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Sustaining the regular flow of water from mountain forests is important for downstream stakeholders in seasonally dry tropical countries, and a watershed payment for ecosystem services (PES) scheme that links rural ecosystem service providers to urban water users through economic transfers may help to maintain water supply and forest habitat. A CARE/WWF project in the Uluguru Mountains of Tanzania has established a pilot watershed PES scheme. We trace the development of this scheme and outline its initial impacts. Memoranda of Understanding between companies in Dar es Salaam (the downstream water users) and farmers in the mountains provide the framework to deliver tangible financial benefits to local people, help change patterns of land use and potentially improve water quality. A number of lessons learned from this project are relevant for similar schemes elsewhere in the region. Overcoming the various challenges is essential for expanding the current pilot project to a scale where it delivers measurable changes in water quality for downstream users.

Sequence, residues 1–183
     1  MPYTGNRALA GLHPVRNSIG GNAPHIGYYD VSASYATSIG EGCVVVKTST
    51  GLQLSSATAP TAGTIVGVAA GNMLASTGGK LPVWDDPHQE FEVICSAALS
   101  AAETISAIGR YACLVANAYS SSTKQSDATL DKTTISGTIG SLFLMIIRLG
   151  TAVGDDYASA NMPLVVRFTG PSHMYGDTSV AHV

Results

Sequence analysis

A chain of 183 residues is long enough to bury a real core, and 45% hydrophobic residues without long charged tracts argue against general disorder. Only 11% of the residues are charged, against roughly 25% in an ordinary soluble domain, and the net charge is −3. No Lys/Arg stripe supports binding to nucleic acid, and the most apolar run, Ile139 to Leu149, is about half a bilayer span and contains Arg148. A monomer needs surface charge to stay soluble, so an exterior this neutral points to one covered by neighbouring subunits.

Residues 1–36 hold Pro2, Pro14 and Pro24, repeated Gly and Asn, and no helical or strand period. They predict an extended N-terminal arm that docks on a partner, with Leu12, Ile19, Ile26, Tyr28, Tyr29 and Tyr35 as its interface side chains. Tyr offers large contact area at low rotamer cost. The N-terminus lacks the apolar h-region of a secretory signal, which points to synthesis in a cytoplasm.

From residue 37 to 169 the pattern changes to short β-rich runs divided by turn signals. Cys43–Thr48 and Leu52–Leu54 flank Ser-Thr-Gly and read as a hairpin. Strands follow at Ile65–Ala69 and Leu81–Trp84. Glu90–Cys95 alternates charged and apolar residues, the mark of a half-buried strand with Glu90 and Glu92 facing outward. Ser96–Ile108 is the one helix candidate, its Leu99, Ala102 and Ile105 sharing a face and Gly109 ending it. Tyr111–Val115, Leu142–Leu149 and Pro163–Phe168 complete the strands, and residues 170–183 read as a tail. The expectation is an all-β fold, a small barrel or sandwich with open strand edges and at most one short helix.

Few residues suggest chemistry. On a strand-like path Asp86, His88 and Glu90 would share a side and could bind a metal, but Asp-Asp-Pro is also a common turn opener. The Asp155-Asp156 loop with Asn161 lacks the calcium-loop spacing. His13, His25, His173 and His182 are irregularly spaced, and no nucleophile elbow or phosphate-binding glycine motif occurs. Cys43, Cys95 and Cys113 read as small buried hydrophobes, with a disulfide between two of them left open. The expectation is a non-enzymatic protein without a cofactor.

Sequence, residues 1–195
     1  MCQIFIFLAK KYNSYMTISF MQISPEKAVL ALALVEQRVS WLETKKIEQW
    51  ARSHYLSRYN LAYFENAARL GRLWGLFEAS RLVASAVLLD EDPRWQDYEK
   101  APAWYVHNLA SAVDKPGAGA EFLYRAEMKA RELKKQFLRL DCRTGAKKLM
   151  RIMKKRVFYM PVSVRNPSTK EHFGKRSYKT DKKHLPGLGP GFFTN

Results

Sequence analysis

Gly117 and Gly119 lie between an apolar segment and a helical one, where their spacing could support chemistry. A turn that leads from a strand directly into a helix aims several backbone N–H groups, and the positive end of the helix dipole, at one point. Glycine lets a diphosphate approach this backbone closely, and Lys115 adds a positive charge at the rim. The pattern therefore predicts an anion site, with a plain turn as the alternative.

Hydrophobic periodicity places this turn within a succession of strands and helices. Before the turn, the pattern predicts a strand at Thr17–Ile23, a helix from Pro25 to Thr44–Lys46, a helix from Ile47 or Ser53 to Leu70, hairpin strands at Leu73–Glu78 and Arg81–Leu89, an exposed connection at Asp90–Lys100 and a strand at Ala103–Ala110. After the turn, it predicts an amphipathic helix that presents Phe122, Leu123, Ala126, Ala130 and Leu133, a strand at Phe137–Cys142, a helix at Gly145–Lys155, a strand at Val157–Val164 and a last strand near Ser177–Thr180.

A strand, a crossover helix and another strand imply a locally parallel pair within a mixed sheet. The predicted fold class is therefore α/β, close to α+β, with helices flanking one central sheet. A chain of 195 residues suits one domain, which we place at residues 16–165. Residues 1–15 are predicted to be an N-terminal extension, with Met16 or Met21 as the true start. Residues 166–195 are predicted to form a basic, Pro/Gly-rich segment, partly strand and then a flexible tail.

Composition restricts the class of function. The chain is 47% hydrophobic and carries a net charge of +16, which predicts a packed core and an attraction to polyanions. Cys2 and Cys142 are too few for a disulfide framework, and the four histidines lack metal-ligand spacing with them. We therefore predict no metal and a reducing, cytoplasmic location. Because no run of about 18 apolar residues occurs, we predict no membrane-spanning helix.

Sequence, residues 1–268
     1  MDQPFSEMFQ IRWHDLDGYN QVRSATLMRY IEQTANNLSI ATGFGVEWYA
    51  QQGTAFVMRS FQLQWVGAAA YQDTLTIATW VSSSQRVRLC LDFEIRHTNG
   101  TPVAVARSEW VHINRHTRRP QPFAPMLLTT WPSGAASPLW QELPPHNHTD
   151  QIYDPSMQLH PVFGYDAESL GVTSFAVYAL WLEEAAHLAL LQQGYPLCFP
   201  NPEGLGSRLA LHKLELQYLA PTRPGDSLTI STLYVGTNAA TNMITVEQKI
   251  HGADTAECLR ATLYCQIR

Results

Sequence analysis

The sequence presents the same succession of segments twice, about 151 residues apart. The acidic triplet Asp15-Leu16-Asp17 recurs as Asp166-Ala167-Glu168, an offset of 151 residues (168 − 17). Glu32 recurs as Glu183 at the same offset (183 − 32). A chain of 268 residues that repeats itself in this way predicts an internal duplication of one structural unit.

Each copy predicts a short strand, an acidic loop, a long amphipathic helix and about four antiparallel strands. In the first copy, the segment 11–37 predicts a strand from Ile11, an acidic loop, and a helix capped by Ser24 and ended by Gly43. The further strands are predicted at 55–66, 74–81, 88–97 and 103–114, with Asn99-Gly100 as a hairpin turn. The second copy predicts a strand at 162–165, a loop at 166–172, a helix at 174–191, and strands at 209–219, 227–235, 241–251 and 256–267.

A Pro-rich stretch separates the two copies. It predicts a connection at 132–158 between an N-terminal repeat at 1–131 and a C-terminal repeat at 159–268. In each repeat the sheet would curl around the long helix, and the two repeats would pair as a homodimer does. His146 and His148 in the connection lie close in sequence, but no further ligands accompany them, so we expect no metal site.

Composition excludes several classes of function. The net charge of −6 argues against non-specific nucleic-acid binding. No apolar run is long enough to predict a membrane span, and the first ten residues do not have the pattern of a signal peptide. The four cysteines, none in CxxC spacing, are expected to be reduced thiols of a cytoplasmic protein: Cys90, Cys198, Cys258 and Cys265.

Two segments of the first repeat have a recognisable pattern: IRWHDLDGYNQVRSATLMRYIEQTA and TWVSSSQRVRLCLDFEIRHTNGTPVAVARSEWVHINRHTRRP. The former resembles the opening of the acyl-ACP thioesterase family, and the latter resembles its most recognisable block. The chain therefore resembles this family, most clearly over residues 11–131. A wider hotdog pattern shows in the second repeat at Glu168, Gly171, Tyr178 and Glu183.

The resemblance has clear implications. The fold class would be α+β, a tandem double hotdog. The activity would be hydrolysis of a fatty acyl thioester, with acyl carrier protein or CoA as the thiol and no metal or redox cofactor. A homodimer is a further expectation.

The report is focused on excavations in a suite of four rooms in the villa dating to the late third or early fourth century, associated with a plunge-pool excavated in the nineteenth century; the excavations were undertaken in advance of consolidation work. The rooms overlay a second- century bath-house also known from earlier work. The most important find was a hoard of fourth-century counterfeit coins which had been deposited in one of the rooms after it had gone out of use.
Flight of the range caterpillar occurred predominantly at dusk in the grasslands of eastern New Mexico in 1979 and 1980. The restricted period of flight in the evening corresponded to cool temperatures which probably favored mating success. Changes in atmospheric temperature and pressure had little effect on the number of moths flying from day to day. Most females oviposited within 10 m of the site of pupal eclosion.
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